A. To me, writing inside the box means writing for an established genre. Writing outside of the box means writing from the heart even though it might not fit into an established genre or sales niche.
Q. And you always wrote outside the box?
A. Laughs. Heck no. When I first thought about writing a novel I joined RWA, the only writing group around at that time. I was told the easiest way to get published was to write romances. So I wrote a couple which were rejected. That didn't surprise me as I had never read a contemporary romance. Its not that I had anything against contemporary romance its just not my preference. Then I thought, well maybe I'll write an inspirational romance. I hadn’t really read those either. It was the rejection I received from the editor at Tyndale that made me realize what I was doing wasn't working. She wrote: "your book is neither romantic nor inspirational." So I made an announcement at the next writers' meeting I attended. "As long as I'm going to get rejected, I might as well write what I want to write." And the idea for my first published book POPPY was born soon after.
A. I searched in books stores for books similar in size and style to what I had and came up with a short list. Ballantine Epiphany, a division of Random House, was looking for inspirational books that were unique. They bought POPPY, published it in hardcover in 1987 and paperback in 1990.
A. Yes, THE GIFT. And unfortunately, shortly after, that line at Ballantine was eliminated.
A. I wasn’t sure how to classify or describe my books and am still not sure. I can only go by what readers have told me. They suggest its inspirational because of the impact the books have had on them. I think of them as books of hope. But they don't fit in any traditional inspirational niche. Poppy was often compared to Jonathan Livingston Seagull in style and size.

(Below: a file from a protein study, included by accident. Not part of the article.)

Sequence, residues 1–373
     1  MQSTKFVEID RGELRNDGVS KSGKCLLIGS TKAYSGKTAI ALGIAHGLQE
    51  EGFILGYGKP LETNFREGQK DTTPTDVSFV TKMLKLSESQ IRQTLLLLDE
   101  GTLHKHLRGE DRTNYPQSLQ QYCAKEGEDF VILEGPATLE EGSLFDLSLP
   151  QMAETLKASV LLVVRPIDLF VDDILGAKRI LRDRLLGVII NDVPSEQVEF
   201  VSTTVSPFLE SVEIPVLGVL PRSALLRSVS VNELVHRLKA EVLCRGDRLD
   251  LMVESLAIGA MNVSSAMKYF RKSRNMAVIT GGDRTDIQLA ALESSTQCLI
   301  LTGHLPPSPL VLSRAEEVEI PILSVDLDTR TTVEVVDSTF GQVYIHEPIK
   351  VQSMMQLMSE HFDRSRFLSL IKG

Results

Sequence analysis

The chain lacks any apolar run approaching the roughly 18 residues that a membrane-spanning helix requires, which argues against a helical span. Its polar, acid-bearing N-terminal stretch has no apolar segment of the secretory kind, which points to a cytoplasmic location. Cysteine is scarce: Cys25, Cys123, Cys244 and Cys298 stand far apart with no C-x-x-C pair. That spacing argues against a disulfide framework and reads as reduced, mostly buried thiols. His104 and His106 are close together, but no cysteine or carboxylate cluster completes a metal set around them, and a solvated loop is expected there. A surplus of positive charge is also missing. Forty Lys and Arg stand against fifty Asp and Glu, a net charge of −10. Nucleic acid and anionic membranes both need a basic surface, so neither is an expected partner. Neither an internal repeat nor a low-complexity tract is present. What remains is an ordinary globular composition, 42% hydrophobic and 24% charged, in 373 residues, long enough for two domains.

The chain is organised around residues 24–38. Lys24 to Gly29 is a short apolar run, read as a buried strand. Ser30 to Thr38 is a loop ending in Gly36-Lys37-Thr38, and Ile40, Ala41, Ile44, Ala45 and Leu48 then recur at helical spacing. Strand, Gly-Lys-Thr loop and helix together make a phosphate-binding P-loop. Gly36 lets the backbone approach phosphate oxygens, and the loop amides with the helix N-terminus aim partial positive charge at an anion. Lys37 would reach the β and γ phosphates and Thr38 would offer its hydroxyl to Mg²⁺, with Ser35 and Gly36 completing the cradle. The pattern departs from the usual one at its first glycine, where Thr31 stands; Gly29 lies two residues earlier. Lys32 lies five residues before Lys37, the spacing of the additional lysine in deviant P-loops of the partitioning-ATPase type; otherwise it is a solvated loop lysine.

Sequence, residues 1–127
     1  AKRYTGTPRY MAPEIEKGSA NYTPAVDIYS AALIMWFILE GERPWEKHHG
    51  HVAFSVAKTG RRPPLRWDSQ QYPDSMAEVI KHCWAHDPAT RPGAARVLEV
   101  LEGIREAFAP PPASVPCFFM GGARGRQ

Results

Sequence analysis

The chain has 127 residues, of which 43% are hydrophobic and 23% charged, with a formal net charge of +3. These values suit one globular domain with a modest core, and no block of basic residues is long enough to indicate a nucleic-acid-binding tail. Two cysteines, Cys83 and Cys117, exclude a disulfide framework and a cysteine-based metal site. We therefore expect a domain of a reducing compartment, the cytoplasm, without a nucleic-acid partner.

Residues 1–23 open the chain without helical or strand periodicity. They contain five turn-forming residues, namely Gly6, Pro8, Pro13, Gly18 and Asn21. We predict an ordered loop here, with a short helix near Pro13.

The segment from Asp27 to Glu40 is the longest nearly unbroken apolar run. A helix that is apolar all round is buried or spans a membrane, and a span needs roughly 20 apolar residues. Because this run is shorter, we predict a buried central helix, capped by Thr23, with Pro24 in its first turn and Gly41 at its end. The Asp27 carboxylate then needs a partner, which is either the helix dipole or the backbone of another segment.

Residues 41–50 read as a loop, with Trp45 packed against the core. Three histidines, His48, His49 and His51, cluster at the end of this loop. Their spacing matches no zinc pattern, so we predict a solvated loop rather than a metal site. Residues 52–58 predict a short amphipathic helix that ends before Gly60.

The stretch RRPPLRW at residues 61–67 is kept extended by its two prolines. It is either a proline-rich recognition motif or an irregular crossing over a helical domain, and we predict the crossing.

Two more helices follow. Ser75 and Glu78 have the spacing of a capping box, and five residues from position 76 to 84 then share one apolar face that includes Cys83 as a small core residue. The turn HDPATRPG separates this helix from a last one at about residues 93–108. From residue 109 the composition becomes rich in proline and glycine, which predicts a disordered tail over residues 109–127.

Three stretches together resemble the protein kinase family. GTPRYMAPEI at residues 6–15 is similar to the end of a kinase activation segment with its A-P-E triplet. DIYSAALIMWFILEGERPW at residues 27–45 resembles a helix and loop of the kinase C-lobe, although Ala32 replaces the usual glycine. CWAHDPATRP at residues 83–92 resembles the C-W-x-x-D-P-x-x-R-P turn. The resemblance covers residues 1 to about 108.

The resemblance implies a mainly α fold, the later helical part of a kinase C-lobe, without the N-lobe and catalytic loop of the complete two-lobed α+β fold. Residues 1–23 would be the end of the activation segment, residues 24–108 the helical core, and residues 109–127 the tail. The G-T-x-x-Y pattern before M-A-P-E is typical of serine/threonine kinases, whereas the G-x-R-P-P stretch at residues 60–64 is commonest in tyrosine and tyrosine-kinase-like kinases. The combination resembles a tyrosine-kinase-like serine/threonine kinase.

A. It's been a long time in between sales because of the difficulty of finding a niche for my “different” style books. I did sell a book recently. TAU Publishing just published my inspirational novel, CHILD OF THE SEA. I wrote it after the tragic tsunami of 2006.
After a killer wave leaves black holes
where hearts had once been,
a mystical child helps seven grieving women
learn the spiritual principals
needed to heal their tortured souls.
A. I wrote a book called The Long and Short of Seven Cat Tails. Each one of my seven cats had its own chapter and told his/her story from its point of view. No one was interested in publishing it so I self-published that book for me and my family. I am so glad I have the book since five of the kitties are now gone. Two of those five lived to be 20 years old. I currently work my day job at Purr-Suasions, a cat gift shop in Scottsdale, and I sell my books there.
A. I like to read inspirational books that touch the heart. Emotions and feelings are hard to find in books. From the beginning, I wanted to write books like Og Mandino, who by the way endorsed POPPY. I love stories about angels. My books hint that there are angels. As an aside, I don't watch much TV but Touched by an Angel was my favorite TV show.
Q. Thank you for joining us Barbara. Do you have any final words of encouragement for our seekers here at Seekerville ?
A.I think it’s important to write what is in your heart. Don’t write just to fulfill a trend or fad, but write what you love to read and think about. I’d like to leave you with one of my favorite quotes by Mother Theresa: "I am like a pencil in God's hand. He does the writing. I had nothing to do with it."